Karen saw the term on Twitter for the first time in March and realized she’d been guilty of the practice since at least 2015. By April, when she started a new full-time job, she knew she needed to fix her habit of staying up until the wee hours of the morning looking at the news, and she began tweeting, mostly to herself, that she should start winding down. Within a few months, she’d gained 20,000 new followers thanks to her daily doomscrolling reminders (some of her followers have even sent her gifts and money on Venmo).

She still, however, understands the desire to doomscroll. “It feels productive and like we’re exercising our agency during a period where we can’t do much and so much choice and variety has been taken away, even though it’s often neither of those things,” she tells me. “Everyone was taught ‘knowledge is power’ and learning more can often help us make better choices.” Yet all we’re really doing, she argues, is taking time away from the things and people we love, while playing into the hands of technology companies that are incentivized to keep us glued to screens.

It is probably not shocking to learn that doomscrolling is bad for you. Clinical psychologist Amelia Aldao explained to NPR that though humans are naturally predisposed to look out for threats, doomscrolling creates a vicious mental health cycle. “The more time we spend scrolling, the more we find those dangers, the more we get sucked into them, the more anxious we get,” she says. “Now you look around yourself and everything feels gloomy, everything makes you anxious. So you go back to look for more information.”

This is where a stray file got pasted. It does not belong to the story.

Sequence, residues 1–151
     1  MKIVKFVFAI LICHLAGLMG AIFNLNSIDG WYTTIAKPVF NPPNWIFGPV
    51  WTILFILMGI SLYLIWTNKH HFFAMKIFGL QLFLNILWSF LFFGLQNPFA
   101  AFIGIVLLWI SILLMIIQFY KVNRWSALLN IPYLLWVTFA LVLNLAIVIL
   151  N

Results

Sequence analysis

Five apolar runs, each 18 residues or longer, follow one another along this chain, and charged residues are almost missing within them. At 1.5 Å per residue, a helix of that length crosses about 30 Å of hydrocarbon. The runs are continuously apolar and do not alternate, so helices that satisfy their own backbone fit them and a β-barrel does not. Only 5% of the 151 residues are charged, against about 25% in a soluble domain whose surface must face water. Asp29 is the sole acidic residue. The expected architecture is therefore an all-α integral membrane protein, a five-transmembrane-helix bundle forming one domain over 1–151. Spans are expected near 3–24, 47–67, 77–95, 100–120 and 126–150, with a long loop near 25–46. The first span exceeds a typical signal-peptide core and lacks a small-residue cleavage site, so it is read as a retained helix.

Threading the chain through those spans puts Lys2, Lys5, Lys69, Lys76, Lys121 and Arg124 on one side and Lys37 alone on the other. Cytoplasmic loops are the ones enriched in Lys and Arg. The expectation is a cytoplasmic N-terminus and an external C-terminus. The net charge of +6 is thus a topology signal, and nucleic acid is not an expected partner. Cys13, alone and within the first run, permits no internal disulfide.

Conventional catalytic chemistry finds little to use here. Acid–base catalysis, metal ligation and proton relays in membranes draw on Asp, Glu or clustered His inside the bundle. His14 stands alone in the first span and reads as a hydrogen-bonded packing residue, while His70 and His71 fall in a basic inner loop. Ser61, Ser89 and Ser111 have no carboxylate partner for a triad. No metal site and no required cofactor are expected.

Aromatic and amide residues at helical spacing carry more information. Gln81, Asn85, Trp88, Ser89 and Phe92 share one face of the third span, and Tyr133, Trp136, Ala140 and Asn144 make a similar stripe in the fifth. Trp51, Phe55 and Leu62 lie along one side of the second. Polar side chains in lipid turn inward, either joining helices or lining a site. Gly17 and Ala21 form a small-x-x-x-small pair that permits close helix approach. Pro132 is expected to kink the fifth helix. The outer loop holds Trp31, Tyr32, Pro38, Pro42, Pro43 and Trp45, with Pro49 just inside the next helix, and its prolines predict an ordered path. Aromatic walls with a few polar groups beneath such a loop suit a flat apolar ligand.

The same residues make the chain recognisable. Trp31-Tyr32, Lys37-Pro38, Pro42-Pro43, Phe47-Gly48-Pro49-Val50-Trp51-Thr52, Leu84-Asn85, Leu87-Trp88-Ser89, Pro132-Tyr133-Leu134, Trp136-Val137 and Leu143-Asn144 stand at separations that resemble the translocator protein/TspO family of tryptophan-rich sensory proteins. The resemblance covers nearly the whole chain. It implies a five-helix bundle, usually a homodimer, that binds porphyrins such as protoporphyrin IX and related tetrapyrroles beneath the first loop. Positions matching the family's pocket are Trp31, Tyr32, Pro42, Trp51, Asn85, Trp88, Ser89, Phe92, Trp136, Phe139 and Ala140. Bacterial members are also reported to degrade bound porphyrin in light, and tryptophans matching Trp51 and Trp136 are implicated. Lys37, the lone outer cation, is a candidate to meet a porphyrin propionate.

That information, however, becomes less valuable as we overload on it. Neuroscientist Adam Gazzaley warned in the New York Times, “You have to realize you don’t want to live your life in a hamster wheel of complete news consumption. It’ll take a toll on you in the way that stops becoming valuable, and being an informed person is a diminishing return.”

There are ways to ward off the doomscroll cycle: Aldao recommends setting a timer or swapping the habit with a happier one, like eating a bowl of ice cream or sending something funny to a friend. But people like Karen are trying to meet doomscrollers where they are: scrolling through their social media timelines.